But she goes further: she describes, in excrutiatingly beautiful detail, the performance of "If I Can Dream" sung live for the show itself, and captures it all. And then . . . well, I won't spoil it. Just read the book from cover to cover, and read "naturally." The performance of this song exceeds descriptions like "sublime." Especially for those hunting for the real guy who later seemed to lose the hope he gave US ALL that night: including those not yet a gleam in their Daddy's eyes. And the hope HE felt. That's why a too detailed look at the "controversy" regarding his decline and death is unnecessary, no matter what. We know, we know. No more fussing back and forth. Lisa knows. It's water under the bridge.

And she is able to show us that EVEN SO, the triumph was, and will always be a triumph for the ages. THIS Elvis is the forgotten one. The young man who struggled against the odds of his tragically impoverished upbrininging before being becoming engulfed in fame, then overwhelming loss, and then being humiliated, deeply hurt, and shamed by Hollywood . . . HE STILL HAD HOPE! And he didn't keep it to himself: he shared it with us all, "earnest"ly, as she so well puts it. She trusts this artist, not his whiz-bang tales, too soon after, of derring-do. Even THAT, as much as Bud Krogh, in a FRESH interview, feels "taken in," she sees as a kind of triumph of the spirit. He would not be denied. Not yet. He would not be put down. By ANYONE. True, the name-dropping was not particularly noble, but maybe he DID get through to that president in a positive way. In his own way. He refused their "suggestions": he got what he came to get, and left them with a message of love for those who did not love the likes of them - as their only solution. He couldn't do this for them: they would have to figure it out for themselves, eventually.

That this young man from "no man's land" could actually pull it off, even if "Bud" is a little miffed - mostly with his younger self, is astonishing. His come-back gave him the ear of the most powerful man on earth, and he rejected HIS suggestions, but if Nixon ever did really read that letter - and we'll never know, Elvis dispensed some simple Biblical wisdom: if "they" consider *you* their "enemy," then you must LOVE them. In 1970, that was a tall order, but Elvis presented it. Simple as that. Elvis always loved this lyric most of all, in speaking: "understanding solves all problems." Maybe he DID "want to help the country out," after all. Just not quite how they originally thought. So even that could be counted a kind of "triumph" - of intention. In it's own way.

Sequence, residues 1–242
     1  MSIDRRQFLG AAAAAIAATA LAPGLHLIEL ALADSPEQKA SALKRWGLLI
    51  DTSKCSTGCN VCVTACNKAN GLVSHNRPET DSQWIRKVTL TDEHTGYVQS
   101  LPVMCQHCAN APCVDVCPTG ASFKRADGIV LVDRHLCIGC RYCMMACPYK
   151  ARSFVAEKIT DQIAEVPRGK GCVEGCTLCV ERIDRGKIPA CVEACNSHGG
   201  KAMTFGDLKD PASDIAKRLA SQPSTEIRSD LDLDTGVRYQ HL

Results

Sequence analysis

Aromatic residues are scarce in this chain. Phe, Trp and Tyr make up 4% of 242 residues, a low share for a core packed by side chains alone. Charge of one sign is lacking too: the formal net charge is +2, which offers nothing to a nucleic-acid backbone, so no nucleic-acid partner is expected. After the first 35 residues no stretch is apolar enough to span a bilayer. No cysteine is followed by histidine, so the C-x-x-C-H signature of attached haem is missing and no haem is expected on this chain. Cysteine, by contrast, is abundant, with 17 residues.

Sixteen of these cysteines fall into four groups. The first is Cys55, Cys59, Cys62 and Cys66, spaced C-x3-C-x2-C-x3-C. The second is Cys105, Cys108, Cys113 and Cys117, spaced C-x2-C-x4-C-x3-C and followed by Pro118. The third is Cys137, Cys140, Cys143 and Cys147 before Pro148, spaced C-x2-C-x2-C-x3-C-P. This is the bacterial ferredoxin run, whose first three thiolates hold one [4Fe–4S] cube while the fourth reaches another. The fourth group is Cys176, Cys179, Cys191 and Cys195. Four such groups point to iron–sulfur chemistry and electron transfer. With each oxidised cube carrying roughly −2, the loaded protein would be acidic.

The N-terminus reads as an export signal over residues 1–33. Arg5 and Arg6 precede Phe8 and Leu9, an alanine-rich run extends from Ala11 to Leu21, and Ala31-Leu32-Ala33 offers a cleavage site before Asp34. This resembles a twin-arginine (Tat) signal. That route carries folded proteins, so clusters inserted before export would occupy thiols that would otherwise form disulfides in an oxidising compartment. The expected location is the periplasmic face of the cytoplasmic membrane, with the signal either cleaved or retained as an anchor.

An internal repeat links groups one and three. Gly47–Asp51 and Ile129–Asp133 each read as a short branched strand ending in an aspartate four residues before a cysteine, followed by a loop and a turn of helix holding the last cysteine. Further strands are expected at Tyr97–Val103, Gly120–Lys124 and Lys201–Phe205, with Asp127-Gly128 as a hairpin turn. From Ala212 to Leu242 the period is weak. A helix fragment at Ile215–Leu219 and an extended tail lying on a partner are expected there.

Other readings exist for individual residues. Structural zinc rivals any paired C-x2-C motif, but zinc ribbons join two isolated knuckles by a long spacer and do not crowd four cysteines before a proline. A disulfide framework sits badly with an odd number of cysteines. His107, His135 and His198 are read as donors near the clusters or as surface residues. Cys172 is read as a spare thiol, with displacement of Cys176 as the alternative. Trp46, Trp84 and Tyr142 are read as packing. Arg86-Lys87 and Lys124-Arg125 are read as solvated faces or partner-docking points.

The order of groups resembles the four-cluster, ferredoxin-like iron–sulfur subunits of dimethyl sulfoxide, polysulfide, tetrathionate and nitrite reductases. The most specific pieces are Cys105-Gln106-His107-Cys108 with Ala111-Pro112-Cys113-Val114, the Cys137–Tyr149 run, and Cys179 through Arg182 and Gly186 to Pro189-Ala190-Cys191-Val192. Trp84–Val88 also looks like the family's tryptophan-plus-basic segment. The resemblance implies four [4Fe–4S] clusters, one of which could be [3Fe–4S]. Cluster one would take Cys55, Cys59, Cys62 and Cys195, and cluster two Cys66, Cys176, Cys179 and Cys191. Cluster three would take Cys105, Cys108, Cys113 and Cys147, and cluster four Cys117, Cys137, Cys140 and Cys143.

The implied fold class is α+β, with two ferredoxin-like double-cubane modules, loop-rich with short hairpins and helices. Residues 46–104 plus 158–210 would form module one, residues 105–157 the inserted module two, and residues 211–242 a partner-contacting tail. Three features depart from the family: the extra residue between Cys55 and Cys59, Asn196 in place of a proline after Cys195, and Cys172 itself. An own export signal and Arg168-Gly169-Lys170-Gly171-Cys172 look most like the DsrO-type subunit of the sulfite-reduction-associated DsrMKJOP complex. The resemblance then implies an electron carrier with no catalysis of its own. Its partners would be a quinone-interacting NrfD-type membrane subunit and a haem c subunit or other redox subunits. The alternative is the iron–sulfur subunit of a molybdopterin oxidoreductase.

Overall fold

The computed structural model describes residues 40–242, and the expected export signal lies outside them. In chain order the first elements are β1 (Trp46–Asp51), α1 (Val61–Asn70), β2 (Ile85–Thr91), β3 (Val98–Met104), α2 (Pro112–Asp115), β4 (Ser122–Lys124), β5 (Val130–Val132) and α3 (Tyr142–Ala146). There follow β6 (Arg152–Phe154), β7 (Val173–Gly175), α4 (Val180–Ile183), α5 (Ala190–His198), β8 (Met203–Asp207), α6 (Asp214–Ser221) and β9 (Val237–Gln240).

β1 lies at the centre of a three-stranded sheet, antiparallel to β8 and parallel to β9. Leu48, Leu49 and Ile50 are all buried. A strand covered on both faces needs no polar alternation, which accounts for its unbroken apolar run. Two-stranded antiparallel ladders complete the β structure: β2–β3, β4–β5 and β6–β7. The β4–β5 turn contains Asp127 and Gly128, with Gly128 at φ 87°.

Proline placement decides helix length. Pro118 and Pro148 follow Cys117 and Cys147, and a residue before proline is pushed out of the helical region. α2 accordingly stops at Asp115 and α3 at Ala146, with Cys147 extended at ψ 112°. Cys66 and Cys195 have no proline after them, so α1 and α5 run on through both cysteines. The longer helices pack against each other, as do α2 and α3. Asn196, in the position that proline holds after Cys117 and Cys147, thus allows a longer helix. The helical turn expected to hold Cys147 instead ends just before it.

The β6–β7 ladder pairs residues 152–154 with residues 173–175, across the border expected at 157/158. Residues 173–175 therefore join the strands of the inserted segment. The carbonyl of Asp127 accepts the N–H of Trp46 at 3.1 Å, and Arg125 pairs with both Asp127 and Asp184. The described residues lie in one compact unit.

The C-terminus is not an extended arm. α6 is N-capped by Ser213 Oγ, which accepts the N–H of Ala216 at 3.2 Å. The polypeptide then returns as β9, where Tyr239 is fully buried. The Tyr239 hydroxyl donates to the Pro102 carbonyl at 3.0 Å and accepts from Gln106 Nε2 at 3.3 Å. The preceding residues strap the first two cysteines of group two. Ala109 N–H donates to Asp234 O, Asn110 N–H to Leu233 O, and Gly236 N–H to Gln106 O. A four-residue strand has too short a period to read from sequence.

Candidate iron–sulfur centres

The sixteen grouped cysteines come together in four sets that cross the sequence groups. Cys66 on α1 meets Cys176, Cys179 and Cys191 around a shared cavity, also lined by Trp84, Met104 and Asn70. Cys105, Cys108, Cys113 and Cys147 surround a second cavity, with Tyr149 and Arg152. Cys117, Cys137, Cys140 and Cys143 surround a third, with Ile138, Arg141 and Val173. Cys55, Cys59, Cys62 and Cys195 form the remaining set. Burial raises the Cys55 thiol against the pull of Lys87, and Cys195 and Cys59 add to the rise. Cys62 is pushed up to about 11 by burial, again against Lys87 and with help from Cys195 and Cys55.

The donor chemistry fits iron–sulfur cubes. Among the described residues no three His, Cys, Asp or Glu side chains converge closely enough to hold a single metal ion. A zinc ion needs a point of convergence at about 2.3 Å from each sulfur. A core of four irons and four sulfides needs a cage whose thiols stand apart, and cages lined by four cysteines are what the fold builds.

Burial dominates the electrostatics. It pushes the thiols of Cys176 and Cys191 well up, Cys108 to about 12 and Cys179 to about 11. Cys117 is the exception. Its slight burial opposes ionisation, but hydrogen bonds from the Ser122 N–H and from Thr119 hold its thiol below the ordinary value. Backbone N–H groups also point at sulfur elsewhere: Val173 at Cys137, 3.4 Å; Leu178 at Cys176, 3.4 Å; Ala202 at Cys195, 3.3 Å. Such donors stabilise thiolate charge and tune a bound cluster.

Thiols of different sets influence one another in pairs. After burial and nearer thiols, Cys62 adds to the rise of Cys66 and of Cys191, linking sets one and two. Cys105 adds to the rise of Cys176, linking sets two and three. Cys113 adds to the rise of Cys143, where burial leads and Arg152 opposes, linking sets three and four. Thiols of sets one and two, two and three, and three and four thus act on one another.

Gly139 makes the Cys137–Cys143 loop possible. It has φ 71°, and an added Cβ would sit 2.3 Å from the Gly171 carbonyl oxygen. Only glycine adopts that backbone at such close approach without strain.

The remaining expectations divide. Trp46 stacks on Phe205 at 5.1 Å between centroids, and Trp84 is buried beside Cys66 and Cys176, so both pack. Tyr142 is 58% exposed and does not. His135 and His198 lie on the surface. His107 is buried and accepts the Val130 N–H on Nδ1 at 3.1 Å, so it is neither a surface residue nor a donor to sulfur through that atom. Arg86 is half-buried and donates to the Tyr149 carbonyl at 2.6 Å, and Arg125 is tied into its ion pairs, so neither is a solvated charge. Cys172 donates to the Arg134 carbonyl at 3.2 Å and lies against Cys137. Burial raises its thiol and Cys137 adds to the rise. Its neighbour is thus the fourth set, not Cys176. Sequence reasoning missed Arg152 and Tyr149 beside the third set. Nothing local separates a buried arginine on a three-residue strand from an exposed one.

Moreover, she makes the pounding point that he already did. Hope is as fragile as it is powerful. And her book is about hope. THIS is the young man who should be on a U.S. postage stamp: the young man in the white suit, with just the little red scarf {a hint of the bloodstains of 1968 that had just happened: even as the shows creators, including Elvis, watched it happen - again, right in front of their eyes.} Yes, 1970 was perhaps even more oppressive in so many ways, and perhaps Elvis felt forced into a corner. But all in all, he triumphed. He still had HOPE.
Only when he lost that, was the end merely a roll of the dice that would come soon. And so we know what we lost.
It is a story of courage and caring - deep, profound caring, and a story that really hasn't been properly told in this form yet. He showed us ALL that WE can "come back" from so much. He was born with all odds stacked against him: he was lucky to live at all as a new infant. And despite all the difficulties with which society kept hitting him, he found the strength to "come back." To maintain hope. To BE that "beckoning candle" in the darkness of a cold winter. And if this young man could overcome attack, indignity, profound personal loss, the loss of people he admired so much even in 1968, so can we. In fact, maybe we can do even better: not lose hope nor our dreams.
We are not yet in that "better land" but as long as we can still dream and have hope, we shall get there.
rm